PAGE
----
Demolition work gathers pace

6:25 pm on 6 September 2010

Demolition work has got under way in central Christchurch to remove buildings devastated by Saturday's earthquake.

Heavy machinery began pulling down condemned buildings to make the city safer earlier on Monday afternoon.

The demolition work will allow officials to reduce the areas cordoned off in the central business district.

The work was also taking place in suburban Christchurch. A block of shops was being torn down after a sharp aftershock before 1pm caused part of the building to collapse further.

About the same time, a severely damaged building collapsed in the Christchurch suburb of St Albans. People near the building, on the corner of Cranford and Westminster streets, reportedly had a narrow escape.

Lines company Orion says people are putting themselves at risk by demolishing quake-damaged houses before they have been completely removed from the power network.

Chief executive Roger Sutton says several such instances occurred on Monday as people not experienced in demolition procedures got involved in the work.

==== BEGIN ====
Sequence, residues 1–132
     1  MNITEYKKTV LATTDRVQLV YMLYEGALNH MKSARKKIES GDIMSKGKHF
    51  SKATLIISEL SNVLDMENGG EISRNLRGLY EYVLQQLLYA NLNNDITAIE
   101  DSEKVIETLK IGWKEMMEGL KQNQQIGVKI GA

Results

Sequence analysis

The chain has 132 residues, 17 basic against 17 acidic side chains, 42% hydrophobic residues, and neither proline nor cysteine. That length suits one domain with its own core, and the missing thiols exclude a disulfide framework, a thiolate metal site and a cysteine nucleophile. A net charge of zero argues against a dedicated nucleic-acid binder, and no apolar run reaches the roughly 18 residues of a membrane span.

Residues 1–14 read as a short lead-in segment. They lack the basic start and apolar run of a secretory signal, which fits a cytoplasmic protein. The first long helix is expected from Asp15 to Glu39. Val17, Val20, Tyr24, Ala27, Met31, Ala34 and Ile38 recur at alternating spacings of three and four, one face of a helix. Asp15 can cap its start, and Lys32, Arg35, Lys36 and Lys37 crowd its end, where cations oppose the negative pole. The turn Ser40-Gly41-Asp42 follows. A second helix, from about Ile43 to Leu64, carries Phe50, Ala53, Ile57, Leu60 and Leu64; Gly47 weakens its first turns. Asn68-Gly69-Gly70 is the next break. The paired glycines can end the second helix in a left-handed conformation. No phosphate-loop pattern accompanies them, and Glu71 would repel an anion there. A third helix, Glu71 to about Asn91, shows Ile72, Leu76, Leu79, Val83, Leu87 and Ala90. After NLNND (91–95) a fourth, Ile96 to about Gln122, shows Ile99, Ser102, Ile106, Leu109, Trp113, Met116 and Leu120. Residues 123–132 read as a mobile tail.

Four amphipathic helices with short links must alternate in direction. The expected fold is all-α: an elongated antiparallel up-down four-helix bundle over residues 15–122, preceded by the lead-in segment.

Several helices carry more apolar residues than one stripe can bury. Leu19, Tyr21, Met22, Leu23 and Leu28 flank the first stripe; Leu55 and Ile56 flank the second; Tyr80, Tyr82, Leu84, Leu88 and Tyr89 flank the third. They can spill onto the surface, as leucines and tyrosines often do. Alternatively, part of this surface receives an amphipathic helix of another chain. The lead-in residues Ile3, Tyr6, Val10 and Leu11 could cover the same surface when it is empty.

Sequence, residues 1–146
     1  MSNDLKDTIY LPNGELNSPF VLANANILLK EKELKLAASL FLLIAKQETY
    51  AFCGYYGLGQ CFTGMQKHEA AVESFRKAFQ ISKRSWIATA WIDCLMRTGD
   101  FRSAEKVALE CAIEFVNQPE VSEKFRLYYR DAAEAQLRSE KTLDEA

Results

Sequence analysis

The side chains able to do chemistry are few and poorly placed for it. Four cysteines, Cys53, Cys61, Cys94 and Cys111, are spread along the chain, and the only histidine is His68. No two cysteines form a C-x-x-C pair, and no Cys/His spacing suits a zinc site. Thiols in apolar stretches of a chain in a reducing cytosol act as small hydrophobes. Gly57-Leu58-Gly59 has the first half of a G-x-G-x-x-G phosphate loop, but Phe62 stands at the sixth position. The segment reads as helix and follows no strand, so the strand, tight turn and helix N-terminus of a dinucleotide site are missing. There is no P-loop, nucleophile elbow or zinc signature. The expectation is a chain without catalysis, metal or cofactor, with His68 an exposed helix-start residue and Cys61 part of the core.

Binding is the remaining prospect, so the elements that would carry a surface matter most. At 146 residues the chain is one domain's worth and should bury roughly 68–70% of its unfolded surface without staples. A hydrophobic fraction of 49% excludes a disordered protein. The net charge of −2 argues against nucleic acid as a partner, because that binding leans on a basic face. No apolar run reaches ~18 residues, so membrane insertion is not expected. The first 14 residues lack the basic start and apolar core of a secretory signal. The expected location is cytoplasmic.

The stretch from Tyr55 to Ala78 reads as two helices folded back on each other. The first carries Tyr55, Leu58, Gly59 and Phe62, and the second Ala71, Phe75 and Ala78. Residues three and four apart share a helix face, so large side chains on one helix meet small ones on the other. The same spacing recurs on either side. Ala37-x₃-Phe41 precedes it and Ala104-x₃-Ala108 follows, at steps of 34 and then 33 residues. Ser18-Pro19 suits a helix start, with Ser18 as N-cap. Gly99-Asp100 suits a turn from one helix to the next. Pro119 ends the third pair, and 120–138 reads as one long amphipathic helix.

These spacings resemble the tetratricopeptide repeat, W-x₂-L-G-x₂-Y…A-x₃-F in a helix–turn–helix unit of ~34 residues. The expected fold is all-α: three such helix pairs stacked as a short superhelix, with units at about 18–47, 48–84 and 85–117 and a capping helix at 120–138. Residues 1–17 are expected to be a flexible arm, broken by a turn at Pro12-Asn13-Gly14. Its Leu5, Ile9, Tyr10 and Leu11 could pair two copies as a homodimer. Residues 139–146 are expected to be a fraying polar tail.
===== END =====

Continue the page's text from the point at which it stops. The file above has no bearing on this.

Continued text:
Mr Sutton says people needed to ring Orion and state clearly they wanted the building isolated for demolition.

Builders 'ready'

Builders say they have the numbers for reconstruction work because of the recession.

The Registered Master Builders Federation says it has been in contact with tradespeople throughout the country on Monday. Chief executive Warwick Quinn says builders are ready for the challenge ahead.

Four years ago it would have been difficult to respond to the disaster, he said, but the industry is at only about half of its capacity because of the recession.

One of the South Island's biggest home builders says builders will probably have to be called in from other cities to help rebuild parts of Christchurch.

Christchurch-based Stonewood Homes managing director Brent Mettrick says many homes will have to be rebuilt because their foundations have been damaged.

Health warning

Christchurch Medical Officer of Health Ramon Pink says gastroenteritis is inevitable in the city if people do not take precautions.

Dr Pink says damage to water and sewerage systems raises the risk of gastroenteritis, and he has had unconfirmed reports of 12 cases since the quake.